Kevin, as Kalani, took me all over hell and back. His snide comments toward Michael and some of the other residents of The Tower, his pushy behaviour, and general flippancy with the idea of a power structure that didn’t preclude any input that wasn’t his own. It wasn’t until late in Season Two in Chapter 18 [No Place Like Home], during his adventure with Angel, that I accepted Kalani as part a bona fide Tower Resident. I cheered during that episode with as much vigour as I might at a hockey game, or a rock concert.
I found myself contemplating his final moments in The Harder They Fall for longer than I honestly believed I would have. Give that ending to any other Resident and, sure, I’ll be sad for an hour or two, but I’m not going to feel quite as empty at the thought of living through the rest of the series without hearing his voice. It pained me as much as the loss of Burt and Angel—two voices I’ve lived with longer. And then it came out.
I honestly could not believe my ears when it was revealed that Kalani was The Rat. I was shocked, just like the rest of you, though probably in a little more denial than most. I didn’t want it to be true. I didn’t want the guy I had believed a true, selfless hero, was nothing more than a guilt-ridden shell of a man, with nothing left to live for. His daughter dead, the world—as he now knows it—at an end, and the lives of his friends hanging in the balance, largely due to his actions. I wanted to pitch the podcast across the room, as I have done with novels, DVDs, and Rubik’s cubes in the past.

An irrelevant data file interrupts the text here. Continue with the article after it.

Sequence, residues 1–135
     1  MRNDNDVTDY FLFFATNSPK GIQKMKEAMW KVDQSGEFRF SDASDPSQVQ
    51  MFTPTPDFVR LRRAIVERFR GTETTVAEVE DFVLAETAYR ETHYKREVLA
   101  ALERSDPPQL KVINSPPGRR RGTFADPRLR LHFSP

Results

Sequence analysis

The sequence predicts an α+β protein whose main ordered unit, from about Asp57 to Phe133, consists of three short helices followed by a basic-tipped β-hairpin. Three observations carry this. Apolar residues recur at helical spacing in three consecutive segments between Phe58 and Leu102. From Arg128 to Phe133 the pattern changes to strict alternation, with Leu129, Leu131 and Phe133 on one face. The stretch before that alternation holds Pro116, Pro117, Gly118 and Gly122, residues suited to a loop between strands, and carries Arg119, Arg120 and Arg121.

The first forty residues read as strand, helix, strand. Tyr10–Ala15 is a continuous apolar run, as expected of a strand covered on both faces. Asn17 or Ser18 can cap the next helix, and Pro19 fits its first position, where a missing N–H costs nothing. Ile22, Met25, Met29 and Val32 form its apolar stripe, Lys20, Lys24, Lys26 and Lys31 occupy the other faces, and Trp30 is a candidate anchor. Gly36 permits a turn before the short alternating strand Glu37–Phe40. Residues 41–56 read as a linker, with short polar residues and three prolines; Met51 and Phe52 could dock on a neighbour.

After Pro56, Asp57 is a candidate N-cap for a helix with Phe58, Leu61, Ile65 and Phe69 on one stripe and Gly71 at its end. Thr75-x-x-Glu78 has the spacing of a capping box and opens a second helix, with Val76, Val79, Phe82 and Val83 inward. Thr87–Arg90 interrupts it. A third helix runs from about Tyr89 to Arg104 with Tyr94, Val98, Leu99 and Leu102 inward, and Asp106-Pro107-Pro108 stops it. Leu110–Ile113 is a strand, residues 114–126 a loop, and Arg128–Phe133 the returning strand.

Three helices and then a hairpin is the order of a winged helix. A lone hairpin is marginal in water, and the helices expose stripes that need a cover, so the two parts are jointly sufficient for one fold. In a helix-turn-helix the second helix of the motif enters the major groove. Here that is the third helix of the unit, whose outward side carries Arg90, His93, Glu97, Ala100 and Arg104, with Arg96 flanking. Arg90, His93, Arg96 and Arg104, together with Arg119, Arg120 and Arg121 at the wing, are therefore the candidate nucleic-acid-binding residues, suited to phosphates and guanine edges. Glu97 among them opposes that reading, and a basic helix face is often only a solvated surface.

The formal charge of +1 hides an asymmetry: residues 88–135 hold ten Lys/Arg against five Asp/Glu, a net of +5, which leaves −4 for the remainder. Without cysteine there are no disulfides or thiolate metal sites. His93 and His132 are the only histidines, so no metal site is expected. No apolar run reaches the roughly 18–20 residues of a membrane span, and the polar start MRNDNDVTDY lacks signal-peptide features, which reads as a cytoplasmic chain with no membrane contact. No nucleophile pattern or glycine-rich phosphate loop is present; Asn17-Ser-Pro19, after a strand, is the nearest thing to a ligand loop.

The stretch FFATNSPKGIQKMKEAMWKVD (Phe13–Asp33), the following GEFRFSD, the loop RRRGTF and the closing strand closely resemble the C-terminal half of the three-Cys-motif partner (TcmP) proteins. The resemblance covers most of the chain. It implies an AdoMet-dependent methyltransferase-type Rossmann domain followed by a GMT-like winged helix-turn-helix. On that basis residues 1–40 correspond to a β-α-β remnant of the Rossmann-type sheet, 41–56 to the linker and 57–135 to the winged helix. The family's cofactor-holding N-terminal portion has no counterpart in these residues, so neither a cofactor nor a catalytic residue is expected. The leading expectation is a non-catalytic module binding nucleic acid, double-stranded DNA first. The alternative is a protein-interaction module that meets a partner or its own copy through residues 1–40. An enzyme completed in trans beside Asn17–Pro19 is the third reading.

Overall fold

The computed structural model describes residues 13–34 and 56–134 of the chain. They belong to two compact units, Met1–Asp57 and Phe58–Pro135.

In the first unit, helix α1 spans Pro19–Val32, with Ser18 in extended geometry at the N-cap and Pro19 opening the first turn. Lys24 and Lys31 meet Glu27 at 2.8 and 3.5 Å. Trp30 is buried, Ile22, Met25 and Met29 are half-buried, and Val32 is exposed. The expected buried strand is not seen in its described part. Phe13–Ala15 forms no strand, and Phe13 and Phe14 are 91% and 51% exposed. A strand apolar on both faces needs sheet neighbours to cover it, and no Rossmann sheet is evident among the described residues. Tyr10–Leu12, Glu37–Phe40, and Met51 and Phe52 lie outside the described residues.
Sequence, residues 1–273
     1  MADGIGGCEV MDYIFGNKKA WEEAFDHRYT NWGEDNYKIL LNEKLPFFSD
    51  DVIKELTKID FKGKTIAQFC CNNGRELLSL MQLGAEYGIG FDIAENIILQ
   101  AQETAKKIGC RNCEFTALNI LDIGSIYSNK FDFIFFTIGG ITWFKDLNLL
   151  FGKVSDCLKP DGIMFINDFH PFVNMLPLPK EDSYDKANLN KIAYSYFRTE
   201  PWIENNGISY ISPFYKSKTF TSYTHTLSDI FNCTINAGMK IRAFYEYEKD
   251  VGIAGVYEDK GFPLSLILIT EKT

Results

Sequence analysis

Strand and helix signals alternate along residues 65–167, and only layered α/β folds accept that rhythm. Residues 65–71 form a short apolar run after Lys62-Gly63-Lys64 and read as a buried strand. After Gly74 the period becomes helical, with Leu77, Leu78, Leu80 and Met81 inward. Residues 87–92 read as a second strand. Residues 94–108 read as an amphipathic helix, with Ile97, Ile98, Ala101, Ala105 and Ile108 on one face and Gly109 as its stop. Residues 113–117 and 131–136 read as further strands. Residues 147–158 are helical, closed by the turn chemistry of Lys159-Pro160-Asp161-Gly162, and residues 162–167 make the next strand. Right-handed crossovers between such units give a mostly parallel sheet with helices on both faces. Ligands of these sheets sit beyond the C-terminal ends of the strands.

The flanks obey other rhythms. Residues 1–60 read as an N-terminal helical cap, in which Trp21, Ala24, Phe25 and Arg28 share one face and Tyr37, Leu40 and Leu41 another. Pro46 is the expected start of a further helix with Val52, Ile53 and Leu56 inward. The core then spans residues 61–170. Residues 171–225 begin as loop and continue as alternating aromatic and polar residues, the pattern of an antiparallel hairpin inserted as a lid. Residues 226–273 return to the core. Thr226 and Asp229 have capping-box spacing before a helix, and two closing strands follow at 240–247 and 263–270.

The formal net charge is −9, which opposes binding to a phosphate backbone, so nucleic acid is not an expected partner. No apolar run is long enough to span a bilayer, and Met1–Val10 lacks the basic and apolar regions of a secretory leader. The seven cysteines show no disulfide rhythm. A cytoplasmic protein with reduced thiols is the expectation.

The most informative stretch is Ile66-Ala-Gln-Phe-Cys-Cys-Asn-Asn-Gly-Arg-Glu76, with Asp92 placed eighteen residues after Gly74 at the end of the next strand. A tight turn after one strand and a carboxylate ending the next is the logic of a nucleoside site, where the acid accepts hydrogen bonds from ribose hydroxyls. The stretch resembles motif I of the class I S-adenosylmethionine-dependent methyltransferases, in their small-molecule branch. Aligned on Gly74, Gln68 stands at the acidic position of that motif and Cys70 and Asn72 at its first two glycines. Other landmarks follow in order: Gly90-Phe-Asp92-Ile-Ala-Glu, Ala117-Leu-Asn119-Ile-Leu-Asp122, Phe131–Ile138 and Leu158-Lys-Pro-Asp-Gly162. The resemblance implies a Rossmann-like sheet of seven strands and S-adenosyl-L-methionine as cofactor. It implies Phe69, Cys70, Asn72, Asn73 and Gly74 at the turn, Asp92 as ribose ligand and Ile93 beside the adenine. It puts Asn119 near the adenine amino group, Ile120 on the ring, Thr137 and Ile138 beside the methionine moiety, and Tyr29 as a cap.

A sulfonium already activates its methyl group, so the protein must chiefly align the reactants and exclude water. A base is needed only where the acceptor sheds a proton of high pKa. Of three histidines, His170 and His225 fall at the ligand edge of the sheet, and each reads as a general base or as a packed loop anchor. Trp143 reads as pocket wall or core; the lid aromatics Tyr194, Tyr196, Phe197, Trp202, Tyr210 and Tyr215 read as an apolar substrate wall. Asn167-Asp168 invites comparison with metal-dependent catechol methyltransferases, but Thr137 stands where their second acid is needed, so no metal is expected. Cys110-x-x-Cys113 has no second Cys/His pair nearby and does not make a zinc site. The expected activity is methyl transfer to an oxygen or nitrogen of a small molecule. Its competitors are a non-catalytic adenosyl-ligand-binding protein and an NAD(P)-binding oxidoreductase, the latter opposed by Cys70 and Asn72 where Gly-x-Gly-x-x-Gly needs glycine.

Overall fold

I eventually calmed. I collected my thoughts, and quietly buried the emotions deep, beneath layers of justification and forgiveness. Then I found a thread on the board one morning. There was an explosion, chaos ensued, and arguments raged. We all know the outcome of the thread, there is no need to rehash it all here. If you missed it, be glad—it was a total shit storm of frustration and anger. Admittedly, not a shining example of my legacy, but I just cannot help being passionate about my belief in Kalani’s intentions. He did it all for his daughter. That’s all the explanation I need to forgive him for everything he’s done.
Kalani was one of the most intriguing characters—quite possibly the most complex of all The Tower Residents—on the show, voiced by one of the best voice actors I’ve heard in years. No matter how you may feel about the character, you must concede that he played a pivotal role in the arc of the We’re Alive saga, and a very large number of us fooled until the very end.
Thank you so very much for sharing your talent with all of us, Kevin. You gave life to an amazing character that I will never forget and will miss through to the final episode.
That’s it for this issue. I hope you all enjoyed reading as much as I enjoyed writing. Thank you! Over the next few weeks I'll be posting—hopefully—every few days, under the banner of Recovering From A Pandemic while I recover from my surgery.
Osiris—the artist formerly known as Satan—
enjoys long walks on the beach, dramatic
readings of grocery lists and pasta.
Look for the next issue Discover A Pandemic:
Radio of the 21^st Century written entirely on
both a chalkboard and Percocet. Coming soon!